This seminal work by feminist Peggy McIntosh continues to be the source for the “go to” activity on privilege-the “Privilege Walk.” Social justice facilitators typically ask participants to line up, then ask each of the questions in the series posed by McIntosh, with participants stepping forward if their answer to the question is yes and backward if their answer to the question is no. The activity can be high-risk, so don’t facilitate it unless you are with a group that has established mutual trust and rapport, and unless you can frame it up in a way that inspires learning and behavior change, and not shame and resentment. For more information about the activity along with a customized list of questions geared toward participants in the outdoor and environmental space, please search our list of activities.Download
We have compiled some tips and helpful phrases that can help you have that difficult conversation with someone, regardless of your relationship to them.Download
This activity is designed to get participants thinking about their own identities in relation to systems of power and privilege, as well as understand how others’ identities are influenced by power and privilege.Download
This is an activity that allows students to discuss how society assumes different qualities regarding different identities and then how they or other people they know transcend those imposed qualities.Download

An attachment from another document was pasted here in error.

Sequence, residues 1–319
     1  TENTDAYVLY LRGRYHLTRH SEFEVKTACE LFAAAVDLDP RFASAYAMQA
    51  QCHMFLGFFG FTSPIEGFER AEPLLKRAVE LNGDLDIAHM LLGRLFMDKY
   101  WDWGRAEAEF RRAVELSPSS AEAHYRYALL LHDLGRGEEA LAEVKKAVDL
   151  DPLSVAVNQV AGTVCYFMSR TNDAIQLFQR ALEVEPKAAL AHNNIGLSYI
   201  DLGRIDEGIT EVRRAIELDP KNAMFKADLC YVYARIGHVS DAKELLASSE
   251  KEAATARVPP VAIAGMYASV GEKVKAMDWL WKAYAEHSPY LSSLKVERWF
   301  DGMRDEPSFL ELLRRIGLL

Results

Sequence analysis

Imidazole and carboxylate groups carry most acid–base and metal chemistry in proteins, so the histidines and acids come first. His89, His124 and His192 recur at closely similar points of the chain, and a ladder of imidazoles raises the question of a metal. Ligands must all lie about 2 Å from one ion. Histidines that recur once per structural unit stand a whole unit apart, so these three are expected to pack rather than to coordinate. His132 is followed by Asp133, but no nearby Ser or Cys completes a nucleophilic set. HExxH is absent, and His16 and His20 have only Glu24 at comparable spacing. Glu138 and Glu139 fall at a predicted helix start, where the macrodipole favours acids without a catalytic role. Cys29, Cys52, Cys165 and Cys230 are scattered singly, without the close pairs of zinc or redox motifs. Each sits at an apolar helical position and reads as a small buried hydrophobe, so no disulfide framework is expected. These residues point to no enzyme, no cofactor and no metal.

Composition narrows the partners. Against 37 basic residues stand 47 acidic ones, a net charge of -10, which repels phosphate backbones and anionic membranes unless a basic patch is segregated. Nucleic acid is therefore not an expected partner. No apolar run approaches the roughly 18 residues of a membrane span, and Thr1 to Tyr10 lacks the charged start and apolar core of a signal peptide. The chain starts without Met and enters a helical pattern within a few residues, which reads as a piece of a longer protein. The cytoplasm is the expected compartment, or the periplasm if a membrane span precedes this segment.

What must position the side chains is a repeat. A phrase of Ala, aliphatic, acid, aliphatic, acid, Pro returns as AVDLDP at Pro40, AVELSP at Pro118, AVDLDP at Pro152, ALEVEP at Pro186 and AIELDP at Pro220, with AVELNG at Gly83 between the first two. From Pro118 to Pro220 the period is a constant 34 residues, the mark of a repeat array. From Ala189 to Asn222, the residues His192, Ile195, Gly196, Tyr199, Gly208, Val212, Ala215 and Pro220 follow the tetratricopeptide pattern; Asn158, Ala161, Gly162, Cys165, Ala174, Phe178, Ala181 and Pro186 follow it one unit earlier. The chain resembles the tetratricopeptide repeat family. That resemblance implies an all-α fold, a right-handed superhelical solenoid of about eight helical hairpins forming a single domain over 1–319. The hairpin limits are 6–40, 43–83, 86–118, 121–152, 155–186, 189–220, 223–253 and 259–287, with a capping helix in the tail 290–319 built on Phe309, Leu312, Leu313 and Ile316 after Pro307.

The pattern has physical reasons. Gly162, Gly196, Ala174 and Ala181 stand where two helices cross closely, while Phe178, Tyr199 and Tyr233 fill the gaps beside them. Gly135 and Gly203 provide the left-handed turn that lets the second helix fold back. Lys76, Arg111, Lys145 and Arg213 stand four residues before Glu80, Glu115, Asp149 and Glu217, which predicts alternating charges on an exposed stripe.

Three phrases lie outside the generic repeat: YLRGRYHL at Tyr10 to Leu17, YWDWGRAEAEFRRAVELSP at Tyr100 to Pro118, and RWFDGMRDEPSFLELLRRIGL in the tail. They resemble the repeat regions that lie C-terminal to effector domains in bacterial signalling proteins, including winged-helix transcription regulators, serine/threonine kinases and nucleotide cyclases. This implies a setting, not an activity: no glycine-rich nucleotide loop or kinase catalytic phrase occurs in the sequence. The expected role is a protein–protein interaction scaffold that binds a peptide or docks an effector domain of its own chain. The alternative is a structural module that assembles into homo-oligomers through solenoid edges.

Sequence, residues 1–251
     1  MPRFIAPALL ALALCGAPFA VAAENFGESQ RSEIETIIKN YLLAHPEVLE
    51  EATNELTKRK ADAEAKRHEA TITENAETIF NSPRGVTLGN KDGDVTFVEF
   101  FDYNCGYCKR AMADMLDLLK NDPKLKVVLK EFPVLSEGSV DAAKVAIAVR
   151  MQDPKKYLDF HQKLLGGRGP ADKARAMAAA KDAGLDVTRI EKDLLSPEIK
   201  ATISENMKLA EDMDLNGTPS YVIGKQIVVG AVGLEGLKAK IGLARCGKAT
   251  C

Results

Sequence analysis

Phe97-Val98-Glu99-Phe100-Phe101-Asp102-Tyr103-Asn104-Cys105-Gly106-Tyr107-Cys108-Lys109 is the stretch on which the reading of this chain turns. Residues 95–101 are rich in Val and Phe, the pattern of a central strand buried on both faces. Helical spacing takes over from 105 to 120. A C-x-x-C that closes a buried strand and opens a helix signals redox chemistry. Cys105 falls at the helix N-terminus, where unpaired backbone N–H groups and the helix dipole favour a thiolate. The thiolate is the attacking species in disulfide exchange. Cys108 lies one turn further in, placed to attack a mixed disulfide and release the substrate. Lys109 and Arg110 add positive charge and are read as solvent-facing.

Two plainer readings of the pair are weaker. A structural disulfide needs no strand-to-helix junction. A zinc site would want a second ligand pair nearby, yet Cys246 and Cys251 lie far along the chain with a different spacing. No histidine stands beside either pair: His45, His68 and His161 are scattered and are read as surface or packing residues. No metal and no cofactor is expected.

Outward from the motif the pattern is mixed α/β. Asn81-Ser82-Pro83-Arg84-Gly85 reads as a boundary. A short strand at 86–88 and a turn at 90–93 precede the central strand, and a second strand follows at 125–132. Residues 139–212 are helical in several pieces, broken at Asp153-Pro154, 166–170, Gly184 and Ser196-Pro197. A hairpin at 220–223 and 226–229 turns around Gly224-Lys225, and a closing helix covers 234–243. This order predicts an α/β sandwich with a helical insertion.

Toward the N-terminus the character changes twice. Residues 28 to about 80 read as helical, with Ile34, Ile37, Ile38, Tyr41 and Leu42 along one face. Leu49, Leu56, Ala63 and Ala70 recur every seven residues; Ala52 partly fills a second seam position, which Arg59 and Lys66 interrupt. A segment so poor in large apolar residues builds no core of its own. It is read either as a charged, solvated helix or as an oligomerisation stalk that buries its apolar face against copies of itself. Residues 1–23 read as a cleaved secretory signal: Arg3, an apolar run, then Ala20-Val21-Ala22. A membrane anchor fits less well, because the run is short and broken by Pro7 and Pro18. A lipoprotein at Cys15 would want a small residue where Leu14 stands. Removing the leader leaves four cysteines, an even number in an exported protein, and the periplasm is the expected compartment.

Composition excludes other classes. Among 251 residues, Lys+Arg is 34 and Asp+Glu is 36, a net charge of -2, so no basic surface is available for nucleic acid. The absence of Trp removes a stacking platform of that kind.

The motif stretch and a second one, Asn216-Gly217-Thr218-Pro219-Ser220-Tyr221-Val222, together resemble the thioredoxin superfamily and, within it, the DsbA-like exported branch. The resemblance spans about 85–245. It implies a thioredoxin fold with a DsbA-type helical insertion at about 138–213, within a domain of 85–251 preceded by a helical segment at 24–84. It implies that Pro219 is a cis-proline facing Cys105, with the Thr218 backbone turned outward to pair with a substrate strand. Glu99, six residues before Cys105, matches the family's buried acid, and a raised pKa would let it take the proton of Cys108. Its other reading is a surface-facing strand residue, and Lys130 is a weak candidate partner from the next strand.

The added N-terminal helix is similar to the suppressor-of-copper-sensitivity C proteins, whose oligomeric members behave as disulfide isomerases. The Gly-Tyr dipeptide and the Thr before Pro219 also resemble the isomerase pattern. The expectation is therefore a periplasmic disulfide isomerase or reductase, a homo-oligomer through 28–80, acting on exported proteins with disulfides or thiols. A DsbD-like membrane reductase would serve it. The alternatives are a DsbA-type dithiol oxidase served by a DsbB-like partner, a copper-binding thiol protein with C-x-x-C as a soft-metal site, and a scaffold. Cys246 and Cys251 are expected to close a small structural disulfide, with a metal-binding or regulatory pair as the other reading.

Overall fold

Mia McKenzie of Black Girl Dangerous invites various guests to talk about current events, pop culture, politics, and much more from a radical feminist of color perspective.
This issue of Pathways, the Ontario Journal of Outdoor Education, contains five articles that cover the range from cultural appropriation of indigenous artifacts by summer camps (i.e., the totem pole phenomenon), to designing adventure for the differently abled, to the myth of an untouched and pristine “wilderness.” Every article is short, interesting, and non-academic, and would be great field reads during a trip.Download
These “best practices” were developed by the Consortium of Higher Education’s Trans* Policy Working Group, in consultation with various relevant national student affairs associations, to assist colleges and universities in providing services and support to trans* students. Though they are aimed at institutions of higher education, the records and housing policies are a particularly useful guideline for experiential education institutions.Download